Japan bomb that David investigated was in a rice paper bag hanging in a tree by cords, part of a cluster below balloon. A similar bomb killed six people in 1945 near Bly, Oregon, the only WWI combat casualties in the US.

David entered a third phase in his career in the summer of 1962 when sent to the US Army Intelligence School at Fort Holabird, Maryland. After completing the six month course, he was designated a Special Agent, Counterintelligence. David said the most interesting phase of the training for him was the  counter-surveillance techniques used to follow a suspect, and how to prevent being followed. This training was conducted in the huge public market in downtown Baltimore. He explained that it “was not only a challenging exercise for the person being surveilled, but essential when and if I was in a similar situation.”  His first assignment was back in Oregon, as a Special Agent in Eugene. The three-man office there was in the basement of the Post Office building. He said “our primary mission was background investigations for government positions requiring a security clearance. We also conducted investigations of military personnel and government civilian contractors suspected of activity detrimental to the best interests of the American government.” Also “occasionally we assisted local law enforcement in matters of national security.”  With an operational area covering Oregon outside of the tri-county area., this required considerable time away from his family. One unusual event was investigating a report of a strange paper balloon, hanging from a tree in the Willamette National Forest, east of Eugene. He said “Upon close inspection, determined it was a Japanese anti-personnel bomb that had been launched by the Japanese navy off the Oregon coast during WWII. We called in the Ordinance Disposal Team from Vancouver Barracks to retrieve and defuse it.”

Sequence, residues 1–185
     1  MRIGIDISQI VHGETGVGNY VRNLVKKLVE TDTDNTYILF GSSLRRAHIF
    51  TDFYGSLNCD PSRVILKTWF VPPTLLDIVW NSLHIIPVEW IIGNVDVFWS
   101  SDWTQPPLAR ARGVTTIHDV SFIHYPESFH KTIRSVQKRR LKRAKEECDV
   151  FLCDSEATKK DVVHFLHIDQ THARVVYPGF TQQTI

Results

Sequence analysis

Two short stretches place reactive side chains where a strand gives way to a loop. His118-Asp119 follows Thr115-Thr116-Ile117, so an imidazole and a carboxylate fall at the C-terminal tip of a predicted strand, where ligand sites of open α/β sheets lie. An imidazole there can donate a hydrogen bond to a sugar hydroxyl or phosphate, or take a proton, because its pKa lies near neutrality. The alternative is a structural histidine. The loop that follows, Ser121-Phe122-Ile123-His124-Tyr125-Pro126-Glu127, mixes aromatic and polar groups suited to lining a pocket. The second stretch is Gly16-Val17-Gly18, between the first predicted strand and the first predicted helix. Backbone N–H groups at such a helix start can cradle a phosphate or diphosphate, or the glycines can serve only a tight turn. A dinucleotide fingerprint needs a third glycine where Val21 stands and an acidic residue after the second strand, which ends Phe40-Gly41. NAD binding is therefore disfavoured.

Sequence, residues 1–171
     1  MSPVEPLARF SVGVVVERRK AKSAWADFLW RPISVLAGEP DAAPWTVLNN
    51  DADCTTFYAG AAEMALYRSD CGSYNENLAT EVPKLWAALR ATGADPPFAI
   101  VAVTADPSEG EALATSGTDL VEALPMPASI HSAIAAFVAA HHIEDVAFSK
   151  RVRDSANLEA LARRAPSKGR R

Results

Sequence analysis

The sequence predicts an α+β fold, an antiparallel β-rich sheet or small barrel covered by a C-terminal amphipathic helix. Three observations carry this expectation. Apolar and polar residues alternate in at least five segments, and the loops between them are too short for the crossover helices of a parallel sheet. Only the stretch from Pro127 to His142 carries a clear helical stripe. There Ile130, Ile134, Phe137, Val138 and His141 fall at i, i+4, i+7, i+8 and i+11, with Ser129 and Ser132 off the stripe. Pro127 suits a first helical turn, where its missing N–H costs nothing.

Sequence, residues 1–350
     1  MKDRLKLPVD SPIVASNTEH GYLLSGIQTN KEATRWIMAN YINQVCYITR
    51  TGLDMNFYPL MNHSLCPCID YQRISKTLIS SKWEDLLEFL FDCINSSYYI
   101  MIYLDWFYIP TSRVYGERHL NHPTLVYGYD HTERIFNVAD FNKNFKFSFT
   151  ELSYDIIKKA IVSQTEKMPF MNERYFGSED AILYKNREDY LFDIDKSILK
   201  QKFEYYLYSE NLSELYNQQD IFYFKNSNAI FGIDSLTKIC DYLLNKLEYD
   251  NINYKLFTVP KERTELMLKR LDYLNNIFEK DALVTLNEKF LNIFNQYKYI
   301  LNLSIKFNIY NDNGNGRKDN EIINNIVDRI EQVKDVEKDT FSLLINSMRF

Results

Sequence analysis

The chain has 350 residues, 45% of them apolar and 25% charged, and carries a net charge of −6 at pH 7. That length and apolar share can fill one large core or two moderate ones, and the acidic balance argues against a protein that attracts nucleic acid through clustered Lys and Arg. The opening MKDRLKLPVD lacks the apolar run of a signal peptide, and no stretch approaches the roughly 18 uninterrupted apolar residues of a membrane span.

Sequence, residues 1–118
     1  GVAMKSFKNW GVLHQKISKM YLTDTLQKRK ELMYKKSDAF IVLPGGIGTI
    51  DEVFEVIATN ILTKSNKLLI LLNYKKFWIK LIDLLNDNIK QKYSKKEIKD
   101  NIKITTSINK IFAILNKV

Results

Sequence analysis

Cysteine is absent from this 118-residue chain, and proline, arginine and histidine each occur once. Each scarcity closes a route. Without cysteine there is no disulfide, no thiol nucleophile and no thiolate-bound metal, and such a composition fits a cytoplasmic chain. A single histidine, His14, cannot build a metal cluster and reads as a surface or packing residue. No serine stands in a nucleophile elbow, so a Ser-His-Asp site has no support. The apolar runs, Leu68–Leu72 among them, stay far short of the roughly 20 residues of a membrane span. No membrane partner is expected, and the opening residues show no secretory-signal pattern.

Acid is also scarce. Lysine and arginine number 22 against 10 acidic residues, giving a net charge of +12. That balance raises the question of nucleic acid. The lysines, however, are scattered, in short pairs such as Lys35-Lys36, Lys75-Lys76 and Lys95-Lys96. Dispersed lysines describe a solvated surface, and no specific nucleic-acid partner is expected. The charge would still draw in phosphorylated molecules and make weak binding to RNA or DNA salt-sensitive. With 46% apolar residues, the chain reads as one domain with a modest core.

At this point in his career, David is trained in Turkish and military intelligence.  He expected to return to Turkey. But, after six months in Oregon, he was sent to Korea.  This was in much different circumstances than his first duty there. He is in civilian clothing status. He flew commercial air.  His assignment there is to capture North Korean espionage agents infiltrating into the South.